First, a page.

Like dog backpacks, dog slings can also worsen bone and joint problems in your dog.

Here are the biggest drawbacks of using a dog sling:

  • Dog slings are usually weighted for smaller dogs under 10 pounds.
  • They’re not great dogs with longer body shapes, like dachshunds.
  • Dog slings are not ideal for hyper or energetic dogs.
  • Dog slings can increase pain in dogs with bone and joint issues.

Dog Sling vs. Backpack: Who Should Use a Dog Sling Instead of a Dog Backpack?

A dog sling is a better option if you:

  • own a dog under 10 pounds
  • have an anxious dog who prefers to see you and be near you
  • plan on doing many activities with your dog
  • suffer from back pain when carrying a backpack

Dog Backpack Carriers: Is a Dog Backpack a Good Option?

Dog backpacks are what they sound like: a backpack made especially for your dog.

The Pros of Dog Backpack Carriers

When you use a dog backpack, most of the weight is on your back, so your arms, shoulders, and legs will experience less strain.

Open mesh designs often allow your dog to see from every angle, giving some pets a sense of security.

If one of your main concerns is storage, the question of dog sling vs. backpack is easy.

Dog backpacks often contain more pockets than dog slings, and those storage spaces also tend to be more generous.

Dog backpacks also offer more space for your dog than a sling.

Here are the biggest pros of using a dog backpack:

  • Backpacks put less strain on your shoulders, arms, and legs.
  • Open mesh designs let your dog see everything.
  • Dog backpacks have more storage pockets compared to dog slings.
  • They also give dogs more space than a sling.
  • Some dog backpacks offer special features, like rolling or front-facing backpacks.
  • Backpacks can hold slightly more weight than dog slings (about 15 pounds).

The Cons of Dog Backpack Carriers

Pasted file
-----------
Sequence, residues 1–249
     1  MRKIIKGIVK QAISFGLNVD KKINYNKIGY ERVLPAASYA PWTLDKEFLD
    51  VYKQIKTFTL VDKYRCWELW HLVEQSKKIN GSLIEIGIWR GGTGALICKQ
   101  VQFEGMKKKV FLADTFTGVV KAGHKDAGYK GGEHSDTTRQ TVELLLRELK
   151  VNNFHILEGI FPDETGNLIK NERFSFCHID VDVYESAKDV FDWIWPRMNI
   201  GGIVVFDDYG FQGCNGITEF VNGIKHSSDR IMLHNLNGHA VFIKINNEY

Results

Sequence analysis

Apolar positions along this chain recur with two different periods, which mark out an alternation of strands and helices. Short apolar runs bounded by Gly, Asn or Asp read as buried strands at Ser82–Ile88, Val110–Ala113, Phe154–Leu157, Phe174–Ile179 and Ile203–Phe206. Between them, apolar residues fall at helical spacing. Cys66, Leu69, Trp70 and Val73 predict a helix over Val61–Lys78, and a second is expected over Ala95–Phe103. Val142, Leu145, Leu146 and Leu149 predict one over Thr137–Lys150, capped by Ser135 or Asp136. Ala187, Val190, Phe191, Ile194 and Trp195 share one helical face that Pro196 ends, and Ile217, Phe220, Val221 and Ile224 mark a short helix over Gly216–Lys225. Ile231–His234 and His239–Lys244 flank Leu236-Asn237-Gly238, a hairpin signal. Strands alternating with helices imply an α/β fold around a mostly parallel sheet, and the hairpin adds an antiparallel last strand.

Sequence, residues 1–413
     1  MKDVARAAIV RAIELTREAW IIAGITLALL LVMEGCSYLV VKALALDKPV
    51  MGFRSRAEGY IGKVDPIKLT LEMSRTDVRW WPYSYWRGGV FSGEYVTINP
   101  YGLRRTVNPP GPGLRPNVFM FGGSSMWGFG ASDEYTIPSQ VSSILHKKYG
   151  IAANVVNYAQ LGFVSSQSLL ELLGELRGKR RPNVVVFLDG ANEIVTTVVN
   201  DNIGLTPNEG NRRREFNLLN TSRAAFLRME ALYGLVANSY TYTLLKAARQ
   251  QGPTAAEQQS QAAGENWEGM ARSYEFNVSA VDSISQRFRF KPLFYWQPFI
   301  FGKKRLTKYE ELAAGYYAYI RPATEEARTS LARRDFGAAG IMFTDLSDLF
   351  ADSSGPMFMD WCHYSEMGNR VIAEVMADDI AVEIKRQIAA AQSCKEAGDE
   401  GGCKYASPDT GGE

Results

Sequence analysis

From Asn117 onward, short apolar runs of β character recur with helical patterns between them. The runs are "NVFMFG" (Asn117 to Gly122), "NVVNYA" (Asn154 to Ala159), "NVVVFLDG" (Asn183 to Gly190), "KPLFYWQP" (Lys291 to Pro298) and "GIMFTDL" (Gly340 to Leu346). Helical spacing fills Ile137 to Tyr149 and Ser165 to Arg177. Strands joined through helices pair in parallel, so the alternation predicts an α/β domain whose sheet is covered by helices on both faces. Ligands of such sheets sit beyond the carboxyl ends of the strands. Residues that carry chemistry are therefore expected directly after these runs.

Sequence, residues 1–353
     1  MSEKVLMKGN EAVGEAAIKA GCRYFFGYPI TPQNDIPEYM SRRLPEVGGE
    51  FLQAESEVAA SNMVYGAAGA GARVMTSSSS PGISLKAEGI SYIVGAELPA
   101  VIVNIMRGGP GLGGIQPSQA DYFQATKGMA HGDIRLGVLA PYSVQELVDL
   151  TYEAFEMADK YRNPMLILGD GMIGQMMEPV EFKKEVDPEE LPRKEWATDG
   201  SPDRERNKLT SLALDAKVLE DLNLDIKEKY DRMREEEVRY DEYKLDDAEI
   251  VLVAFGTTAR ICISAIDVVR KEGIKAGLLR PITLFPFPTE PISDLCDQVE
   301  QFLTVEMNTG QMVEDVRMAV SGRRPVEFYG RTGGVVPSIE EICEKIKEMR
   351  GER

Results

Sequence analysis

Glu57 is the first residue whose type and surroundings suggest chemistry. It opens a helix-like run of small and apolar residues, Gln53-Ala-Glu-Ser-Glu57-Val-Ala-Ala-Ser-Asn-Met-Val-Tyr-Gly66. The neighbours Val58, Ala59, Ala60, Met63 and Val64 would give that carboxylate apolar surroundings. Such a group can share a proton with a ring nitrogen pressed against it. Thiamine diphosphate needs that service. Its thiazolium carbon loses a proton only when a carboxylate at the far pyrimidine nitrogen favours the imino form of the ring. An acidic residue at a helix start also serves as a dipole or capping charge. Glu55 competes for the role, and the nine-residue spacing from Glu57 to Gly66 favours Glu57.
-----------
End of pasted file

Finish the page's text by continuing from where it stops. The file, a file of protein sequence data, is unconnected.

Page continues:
Even the smallest of small dogs are limited when it comes to how they can sit or relax in a dog backpack.

So, if your small breed suffers from bone or joint pain, dog backpacks may not be the best choice.

Although most dog backpacks come with a leash clip inside, some cheaply designed ones don’t. In this case, it’s possible for doggie escape artists to jump out of their enclosures.

Since dog backpacks give your pet a bit more space than a dog sling, they tend to be bulkier.

While most dog slings can fold up for easy storage, the same can’t be said for most dog backpacks.

Dogs with anxiety may feel insecure if they can’t see you.

So, the biggest cons of using a dog backpack are that:

  • They can worsen problems like osteoporosis, arthritis, or hip dysplasia in dogs.
  • Dogs can jump out if not clipped in.
  • Backpacks are bulkier than dog slings and can’t be folded up.
  • Dogs can’t see your face.

Dog Sling vs. Backpack: Who Should Use a Dog Backpack Instead of a Dog Sling?

Dog backpacks are better than slings if you:

  • own a dog over 10 pounds (but less than 15 pounds)
  • have a dog who prefers to move around or might escape
  • care about having more storage for pet accessories and belongings
  • want a rolling backpack to take the weight off your back when you need to

Interested in more solutions for traveling with your furry friend?

Consider getting a dog stroller!

Photo by James.